Examining the role of attention in steering using a dual task paradigm
Changing the direction of locomotion, often referred to as "steering", is an integral component of human locomotion. Steering requires maintaining dynamic balance while translating and rotating the body in the new travel direction. Given the level of sensation thought to be involved in sub serving goal directed modifications in steering, it is highly likely that steering control may require attention. Since attention resources decline with increasing age, we may see the influence of age on steering performance when attention resources are limited. Therefore, this study sought to investigate the role of attention in steering using a dual task paradigm in healthy young and healthy older adults. Twenty-five healthy young adults and nineteen healthy older adults completed the experimental protocol that involved baseline and dual task conditions. In the baseline condition, the participants walked and turned 900 at a comfortable pace. In the dual task condition, the participants walked and turned 900 while reciting serial 7 subtractions. We measured the time taken to turn, and the turn onsets of the eyes, head, trunk and pelvis in the baseline and dual task conditions. One-way ANOVA and Multivariate analyses ascertained the effects of age on the time taken to turn, and the turn onsets of the eyes, head, trunk and pelvis in the baseline and dual task conditions. The results of the study indicated a significant impact of age on steering performance under dual task conditions. In healthy young adults, the dual task condition increased the time taken to turn, but it did not affect the turn onsets of the eyes, head, trunk and pelvis. In older adults however, the dual task condition not only increased the time taken to turn, but it also altered the turn onsets of various body segments. These results provided evidence that steering performance varied with age, under dual task conditions. This is an important finding as turning in activities of daily living are rarely done in isolation of a secondary motor or cognitive task. Disruption of steering performance could place older adults at risk of disruptions to turning movements, resulting in a loss of balance and/or falling. Future research should focus on studying the level of variance in steering due to dual tasking that might infer details about the nature of motor control during turning in older adults.^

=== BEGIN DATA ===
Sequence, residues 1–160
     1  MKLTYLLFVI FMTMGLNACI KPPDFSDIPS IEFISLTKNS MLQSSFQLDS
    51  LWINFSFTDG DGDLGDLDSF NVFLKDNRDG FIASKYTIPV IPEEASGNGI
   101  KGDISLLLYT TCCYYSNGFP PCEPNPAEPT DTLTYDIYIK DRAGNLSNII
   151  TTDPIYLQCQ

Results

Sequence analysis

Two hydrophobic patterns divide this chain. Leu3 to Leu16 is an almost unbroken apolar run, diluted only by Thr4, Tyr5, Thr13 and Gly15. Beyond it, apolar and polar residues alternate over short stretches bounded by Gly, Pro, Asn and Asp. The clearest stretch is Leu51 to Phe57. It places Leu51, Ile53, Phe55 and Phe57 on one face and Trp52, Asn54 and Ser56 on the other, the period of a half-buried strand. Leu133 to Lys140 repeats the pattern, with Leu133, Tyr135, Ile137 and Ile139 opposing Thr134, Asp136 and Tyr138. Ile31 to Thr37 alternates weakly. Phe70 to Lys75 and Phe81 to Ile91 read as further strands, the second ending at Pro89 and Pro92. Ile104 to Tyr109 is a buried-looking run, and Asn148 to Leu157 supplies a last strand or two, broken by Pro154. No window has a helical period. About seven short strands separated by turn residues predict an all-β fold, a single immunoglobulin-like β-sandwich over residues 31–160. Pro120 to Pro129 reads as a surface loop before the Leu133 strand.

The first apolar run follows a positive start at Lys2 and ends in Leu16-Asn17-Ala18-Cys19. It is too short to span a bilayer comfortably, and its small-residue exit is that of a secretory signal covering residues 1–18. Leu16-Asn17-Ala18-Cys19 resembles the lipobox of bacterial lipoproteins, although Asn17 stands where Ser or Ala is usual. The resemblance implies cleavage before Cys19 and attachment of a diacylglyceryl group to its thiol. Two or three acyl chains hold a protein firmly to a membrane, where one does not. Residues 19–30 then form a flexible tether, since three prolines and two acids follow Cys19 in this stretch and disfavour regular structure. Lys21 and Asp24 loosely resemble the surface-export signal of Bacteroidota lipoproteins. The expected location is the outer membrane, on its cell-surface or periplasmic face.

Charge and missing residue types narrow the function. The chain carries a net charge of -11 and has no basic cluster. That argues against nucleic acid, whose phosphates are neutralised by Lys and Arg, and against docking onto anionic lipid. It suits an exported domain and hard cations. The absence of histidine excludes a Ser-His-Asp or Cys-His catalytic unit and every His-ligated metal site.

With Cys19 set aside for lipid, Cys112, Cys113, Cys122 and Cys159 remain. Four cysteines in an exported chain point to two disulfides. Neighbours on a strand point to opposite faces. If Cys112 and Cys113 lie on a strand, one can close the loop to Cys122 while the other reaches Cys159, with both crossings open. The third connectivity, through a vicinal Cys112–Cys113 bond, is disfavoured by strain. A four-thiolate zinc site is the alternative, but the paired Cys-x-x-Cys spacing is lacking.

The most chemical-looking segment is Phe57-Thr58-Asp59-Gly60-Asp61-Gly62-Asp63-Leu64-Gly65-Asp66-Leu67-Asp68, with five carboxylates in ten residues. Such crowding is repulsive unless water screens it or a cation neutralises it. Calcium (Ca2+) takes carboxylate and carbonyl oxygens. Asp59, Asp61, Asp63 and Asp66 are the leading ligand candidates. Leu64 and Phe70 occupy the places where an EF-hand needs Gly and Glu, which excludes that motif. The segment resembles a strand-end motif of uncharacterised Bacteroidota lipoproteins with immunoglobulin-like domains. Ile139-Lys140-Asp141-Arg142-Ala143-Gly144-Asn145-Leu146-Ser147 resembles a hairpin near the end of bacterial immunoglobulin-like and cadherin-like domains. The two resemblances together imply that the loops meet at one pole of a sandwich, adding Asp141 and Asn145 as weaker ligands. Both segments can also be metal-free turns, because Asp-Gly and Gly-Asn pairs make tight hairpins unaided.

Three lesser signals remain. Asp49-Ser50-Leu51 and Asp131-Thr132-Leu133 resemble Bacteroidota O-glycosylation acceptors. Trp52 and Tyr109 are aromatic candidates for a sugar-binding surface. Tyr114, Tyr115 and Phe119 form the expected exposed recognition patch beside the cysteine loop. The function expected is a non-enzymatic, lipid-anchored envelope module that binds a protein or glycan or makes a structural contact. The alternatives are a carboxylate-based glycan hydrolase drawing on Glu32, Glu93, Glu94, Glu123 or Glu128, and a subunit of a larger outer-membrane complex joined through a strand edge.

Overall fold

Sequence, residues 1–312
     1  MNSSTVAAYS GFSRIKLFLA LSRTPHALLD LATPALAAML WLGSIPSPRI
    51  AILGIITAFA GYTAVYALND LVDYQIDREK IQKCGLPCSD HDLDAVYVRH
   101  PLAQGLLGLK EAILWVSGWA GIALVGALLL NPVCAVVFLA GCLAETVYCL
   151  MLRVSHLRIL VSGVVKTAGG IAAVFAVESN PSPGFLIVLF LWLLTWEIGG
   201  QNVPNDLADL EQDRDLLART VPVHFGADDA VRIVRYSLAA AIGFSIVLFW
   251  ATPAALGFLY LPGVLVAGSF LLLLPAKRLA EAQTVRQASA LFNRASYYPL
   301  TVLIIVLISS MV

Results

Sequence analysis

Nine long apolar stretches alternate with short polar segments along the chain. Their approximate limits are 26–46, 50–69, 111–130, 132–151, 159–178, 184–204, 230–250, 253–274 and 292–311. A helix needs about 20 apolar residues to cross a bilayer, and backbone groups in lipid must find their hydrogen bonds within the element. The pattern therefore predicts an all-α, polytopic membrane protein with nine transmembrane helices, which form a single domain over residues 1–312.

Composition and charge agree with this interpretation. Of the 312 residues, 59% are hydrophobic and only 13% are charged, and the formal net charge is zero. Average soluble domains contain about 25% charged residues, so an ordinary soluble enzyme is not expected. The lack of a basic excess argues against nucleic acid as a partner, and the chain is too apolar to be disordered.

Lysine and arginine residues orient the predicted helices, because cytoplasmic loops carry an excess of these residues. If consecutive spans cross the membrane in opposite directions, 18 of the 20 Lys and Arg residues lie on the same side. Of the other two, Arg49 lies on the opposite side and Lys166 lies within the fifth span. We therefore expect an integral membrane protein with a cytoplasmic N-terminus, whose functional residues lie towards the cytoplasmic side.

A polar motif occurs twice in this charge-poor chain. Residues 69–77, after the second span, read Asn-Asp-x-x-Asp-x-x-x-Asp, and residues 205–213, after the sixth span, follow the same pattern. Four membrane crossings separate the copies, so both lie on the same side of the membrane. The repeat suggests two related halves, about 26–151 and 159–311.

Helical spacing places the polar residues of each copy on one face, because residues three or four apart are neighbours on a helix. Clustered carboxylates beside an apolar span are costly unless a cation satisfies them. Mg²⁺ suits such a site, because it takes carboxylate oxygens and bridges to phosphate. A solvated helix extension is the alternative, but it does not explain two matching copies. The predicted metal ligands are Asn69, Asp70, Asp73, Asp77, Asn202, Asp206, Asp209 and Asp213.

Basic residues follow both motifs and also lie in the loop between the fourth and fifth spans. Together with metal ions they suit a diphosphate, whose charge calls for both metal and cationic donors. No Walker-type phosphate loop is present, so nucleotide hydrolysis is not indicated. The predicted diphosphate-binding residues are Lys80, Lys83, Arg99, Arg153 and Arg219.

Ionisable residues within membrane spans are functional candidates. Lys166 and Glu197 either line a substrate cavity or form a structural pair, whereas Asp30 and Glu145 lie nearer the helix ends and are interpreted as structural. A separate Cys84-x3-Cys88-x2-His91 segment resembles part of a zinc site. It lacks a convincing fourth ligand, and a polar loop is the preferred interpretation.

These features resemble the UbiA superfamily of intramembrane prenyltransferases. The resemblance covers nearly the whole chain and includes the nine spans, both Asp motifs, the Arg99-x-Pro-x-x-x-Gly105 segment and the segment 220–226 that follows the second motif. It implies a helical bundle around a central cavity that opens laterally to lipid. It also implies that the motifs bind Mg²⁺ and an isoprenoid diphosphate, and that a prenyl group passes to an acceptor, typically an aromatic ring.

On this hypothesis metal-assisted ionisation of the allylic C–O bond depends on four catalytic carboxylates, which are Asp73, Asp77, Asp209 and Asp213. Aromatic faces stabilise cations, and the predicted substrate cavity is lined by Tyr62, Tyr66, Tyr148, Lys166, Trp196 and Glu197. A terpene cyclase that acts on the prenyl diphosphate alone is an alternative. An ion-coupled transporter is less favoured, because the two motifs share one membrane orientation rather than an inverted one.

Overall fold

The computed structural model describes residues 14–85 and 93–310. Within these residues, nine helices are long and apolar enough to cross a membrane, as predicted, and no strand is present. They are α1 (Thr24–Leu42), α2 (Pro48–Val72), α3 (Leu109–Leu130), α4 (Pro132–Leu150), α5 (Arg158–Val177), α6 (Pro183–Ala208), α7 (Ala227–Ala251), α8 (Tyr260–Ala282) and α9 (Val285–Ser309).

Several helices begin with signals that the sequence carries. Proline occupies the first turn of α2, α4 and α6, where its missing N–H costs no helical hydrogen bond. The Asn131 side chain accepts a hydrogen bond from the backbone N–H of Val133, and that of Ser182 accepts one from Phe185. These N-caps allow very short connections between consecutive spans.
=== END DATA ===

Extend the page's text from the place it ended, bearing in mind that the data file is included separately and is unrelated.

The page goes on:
Engineering, Biomedical|Biophysics, Biomechanics
Ambati, Venkata Naga Pradeep, "Examining the role of attention in steering using a dual task paradigm" (2014). ETD Collection for University of Texas, El Paso. AAI3636242.